Written by Hope Tinney
SPOKANE, Wash.—The marketplace is littered with innovative, potentially game-changing technology that never quite caught on. The fatal flaw can come from anywhere, and out of nowhere, which makes the enterprise of bringing new technology to market difficult, to say the least. Add export regulations to the mix and what was difficult becomes daunting.
Just ask Wade Bodlovic, CEO of GreenFocus, a Spokane company that specializes in introducing atmospheric water solutions—also called air-to-water generators—to regions where access to fresh water is limited.
“You either sail or you sink real quick,” Bodlovic said, which is why his company beta tested the WaterBoy air-to water generator in Manila for 18 months before ramping up sales and marketing efforts in the Philippines.
The Philippines is the focus of the company’s first major export initiative for the WaterBoy, which was co-developed by GreenFocus Inc. and AWG International, both Eastern Washington technology companies.
Air-to-water generators essentially draw the moisture out of the air to create pure drinking water, working somewhat like a reverse air conditioner, but with five levels of filtration, including ultraviolet (UV) light.
In fact, says Bodlovic, the WaterBoy delivers water that is 99.9999 percent pure, which makes it more pure than most bottled water. “It’s the best tasting water there is,” he said.
GreenFocus also provides atmospheric water generators paired with renewable energy sources so that the units can be used in disaster relief operations or when users are trying to cut their energy consumption.
In the Philippines, where humidity is consistently high, the WaterBoy can create more than 25 liters of water per day on average for about the same cost as running a typical refrigerator.
Currently WaterBoys are being marketed to high-end consumers who want a cost-effective source of clean drinking water without the waste or inconvenience of buying bottled water.
GreenFocus evaluated a variety of regions to decide where the WaterBoy would be met with strong market support, and the Philippines was at the top of the list, Bodlovic said, because of its high humidity, population density and demand for fresh water.
Despite the perceived demand, entering the market wasn’t easy. It rarely is.
Along with navigating export rules and regulations at home while testing the units abroad, GreenFocus and AWG were working to find a supplier in the region who could manufacture the machines to their specifications and deliver them on time.
Then GreenFocus spent countless hours creating and deploying a marketing plan to introduce this new technology to a skeptical public. And they also needed to put infrastructure in place to ensure that the units could be serviced quickly if any problems developed.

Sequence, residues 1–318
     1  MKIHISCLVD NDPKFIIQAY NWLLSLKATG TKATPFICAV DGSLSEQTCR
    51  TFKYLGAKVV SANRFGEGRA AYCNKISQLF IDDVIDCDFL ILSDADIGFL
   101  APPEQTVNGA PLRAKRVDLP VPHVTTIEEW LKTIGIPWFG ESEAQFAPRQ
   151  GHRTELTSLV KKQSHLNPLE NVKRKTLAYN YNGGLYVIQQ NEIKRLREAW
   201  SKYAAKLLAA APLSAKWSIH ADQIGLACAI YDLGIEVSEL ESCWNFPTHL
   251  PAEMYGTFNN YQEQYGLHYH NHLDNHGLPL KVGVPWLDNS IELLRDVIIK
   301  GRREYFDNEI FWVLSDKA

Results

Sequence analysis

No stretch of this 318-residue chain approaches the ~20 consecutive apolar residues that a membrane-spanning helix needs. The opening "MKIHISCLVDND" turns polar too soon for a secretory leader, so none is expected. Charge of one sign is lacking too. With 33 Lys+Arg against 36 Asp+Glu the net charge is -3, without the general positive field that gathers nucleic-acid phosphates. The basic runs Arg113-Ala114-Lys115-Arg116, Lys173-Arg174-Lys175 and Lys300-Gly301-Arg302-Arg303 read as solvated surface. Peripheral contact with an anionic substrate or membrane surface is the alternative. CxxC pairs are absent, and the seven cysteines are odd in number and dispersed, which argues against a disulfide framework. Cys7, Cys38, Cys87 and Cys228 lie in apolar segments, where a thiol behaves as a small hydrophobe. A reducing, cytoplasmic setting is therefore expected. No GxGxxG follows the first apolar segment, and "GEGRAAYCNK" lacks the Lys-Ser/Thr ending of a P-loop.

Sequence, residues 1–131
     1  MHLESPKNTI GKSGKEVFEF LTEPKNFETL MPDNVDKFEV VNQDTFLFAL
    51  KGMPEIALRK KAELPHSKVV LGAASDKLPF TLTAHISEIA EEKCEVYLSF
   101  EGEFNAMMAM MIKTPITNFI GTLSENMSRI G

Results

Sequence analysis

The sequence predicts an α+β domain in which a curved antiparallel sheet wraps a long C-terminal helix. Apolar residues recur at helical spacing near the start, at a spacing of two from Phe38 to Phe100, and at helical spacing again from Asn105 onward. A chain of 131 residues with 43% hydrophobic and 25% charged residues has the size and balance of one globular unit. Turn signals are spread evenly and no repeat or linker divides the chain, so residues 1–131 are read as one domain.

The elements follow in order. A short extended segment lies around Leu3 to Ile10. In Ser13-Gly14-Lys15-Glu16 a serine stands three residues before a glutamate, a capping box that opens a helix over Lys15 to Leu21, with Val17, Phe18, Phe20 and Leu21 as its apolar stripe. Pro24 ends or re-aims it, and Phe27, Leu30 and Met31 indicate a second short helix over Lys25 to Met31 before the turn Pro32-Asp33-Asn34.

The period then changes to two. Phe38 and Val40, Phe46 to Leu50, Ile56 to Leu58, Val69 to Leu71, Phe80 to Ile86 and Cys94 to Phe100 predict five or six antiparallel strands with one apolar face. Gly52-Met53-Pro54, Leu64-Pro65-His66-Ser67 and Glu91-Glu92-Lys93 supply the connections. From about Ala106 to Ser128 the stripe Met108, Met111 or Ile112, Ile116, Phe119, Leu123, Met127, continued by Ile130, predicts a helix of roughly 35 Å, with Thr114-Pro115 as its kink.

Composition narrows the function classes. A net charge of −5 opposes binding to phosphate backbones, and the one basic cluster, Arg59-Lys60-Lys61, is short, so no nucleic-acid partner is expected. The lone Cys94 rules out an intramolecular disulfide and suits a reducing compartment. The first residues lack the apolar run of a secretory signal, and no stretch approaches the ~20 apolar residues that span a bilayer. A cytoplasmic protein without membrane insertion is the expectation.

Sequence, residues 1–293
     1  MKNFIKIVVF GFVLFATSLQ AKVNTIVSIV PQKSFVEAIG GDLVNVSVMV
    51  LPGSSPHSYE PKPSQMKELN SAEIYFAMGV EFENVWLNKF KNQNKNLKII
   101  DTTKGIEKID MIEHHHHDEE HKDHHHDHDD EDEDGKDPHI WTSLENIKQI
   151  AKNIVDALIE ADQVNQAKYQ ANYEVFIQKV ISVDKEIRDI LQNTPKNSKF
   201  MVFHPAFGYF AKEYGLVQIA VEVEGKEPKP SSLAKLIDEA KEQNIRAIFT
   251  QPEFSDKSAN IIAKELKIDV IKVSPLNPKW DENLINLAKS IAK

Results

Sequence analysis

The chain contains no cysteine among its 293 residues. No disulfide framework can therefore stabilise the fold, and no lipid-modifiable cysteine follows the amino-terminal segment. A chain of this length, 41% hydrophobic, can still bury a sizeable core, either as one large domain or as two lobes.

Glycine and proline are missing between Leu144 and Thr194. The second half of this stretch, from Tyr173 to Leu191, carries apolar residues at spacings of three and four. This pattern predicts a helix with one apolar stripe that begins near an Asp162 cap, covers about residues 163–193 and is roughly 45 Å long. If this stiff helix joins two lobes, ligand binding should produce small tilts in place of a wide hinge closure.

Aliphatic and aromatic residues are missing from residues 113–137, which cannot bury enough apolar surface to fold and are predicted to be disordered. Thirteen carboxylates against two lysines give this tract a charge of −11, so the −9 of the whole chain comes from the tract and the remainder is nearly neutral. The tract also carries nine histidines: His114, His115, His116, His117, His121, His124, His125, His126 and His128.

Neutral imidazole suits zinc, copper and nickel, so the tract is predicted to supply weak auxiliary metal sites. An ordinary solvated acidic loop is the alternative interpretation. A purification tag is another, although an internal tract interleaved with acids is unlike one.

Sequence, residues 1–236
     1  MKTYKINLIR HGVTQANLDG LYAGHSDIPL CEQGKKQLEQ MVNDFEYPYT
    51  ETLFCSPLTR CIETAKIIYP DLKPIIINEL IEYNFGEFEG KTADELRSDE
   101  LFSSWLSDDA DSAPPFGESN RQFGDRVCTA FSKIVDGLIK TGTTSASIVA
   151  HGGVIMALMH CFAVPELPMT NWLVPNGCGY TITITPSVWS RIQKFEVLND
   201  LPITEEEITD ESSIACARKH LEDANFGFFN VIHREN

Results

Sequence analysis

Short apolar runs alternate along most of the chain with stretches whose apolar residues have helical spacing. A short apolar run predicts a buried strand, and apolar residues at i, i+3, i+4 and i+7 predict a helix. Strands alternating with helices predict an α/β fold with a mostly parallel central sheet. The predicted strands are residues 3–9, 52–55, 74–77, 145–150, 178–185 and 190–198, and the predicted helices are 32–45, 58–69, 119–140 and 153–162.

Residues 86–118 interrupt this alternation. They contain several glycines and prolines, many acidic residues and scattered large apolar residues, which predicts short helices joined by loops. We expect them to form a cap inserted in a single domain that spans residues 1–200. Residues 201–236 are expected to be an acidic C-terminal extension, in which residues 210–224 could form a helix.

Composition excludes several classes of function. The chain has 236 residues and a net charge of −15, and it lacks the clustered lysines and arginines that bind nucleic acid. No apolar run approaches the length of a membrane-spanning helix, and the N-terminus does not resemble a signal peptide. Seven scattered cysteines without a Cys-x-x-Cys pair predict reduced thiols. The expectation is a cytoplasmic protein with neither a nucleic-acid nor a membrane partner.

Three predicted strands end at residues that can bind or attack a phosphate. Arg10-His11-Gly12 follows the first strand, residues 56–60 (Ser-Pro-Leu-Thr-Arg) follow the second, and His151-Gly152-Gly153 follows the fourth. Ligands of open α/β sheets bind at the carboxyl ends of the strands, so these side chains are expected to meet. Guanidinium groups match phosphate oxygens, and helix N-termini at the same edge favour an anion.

“Bad news travels further and faster than good news,” Bodlovic said.
Fortunately, the news has been good. Starting with 20 units in 2012, the company has now sold more than 100 air-to-water generators in the Philippines, including 50 units in just the last few months.
Throughout the process, GreenFocus and AWG have received assistance from Vern Jenkins, an international export advisor with the Washington Small Business Development Center (SBDC).
“Vern is a consummate professional,” said Rocco Luongo, chief technology officer at GreenFocus. “He has been instrumental in helping us with import and export regulations and procedures.”
Jenkins’ many years of international experience allows him to help troubleshoot obstacles as they arise, but also help clients avoid potential problems in the first place.
“Vern has been a wonderful sounding board—a very knowledgeable sounding board,” Luongo said.
In addition to offering valuable advice on immediate issues related to export and import regulations, Jenkins has also drawn on his previous experience in Southeast Asia to help GreenFocus work through various challenges, from finding skilled engineers to providing quality control at the factory in Southeast Asia to mapping a strategy to ensure that the company’s intellectual property is protected.
While the immediate challenge is creating and sustaining interest in the WaterBoy, especially among Filipino business executives and high-profile celebrities, an on-going challenge is anticipating where the technology will be in five, 10 or 15 years and planning for that.
“It’s hard for a small company to look forward and take care of the present,” Luongo said. But, he said, if you aren’t looking forward, you’ll get left behind.
Jenkins has been a big help there, as well, Luongo said. “He keeps us focused on the next generation, too.”
Luongo is optimistic that technology will continue to improve so that production costs will decrease while water output increases, which will make the technology more useful in impoverished areas.
Indeed, when Typhoon Haiyan hit in November 2013, GreenFocus, in collaboration with local partners, donated 20 units to help provide clean water in devastated areas and raised nearly $50,000 for relief aid.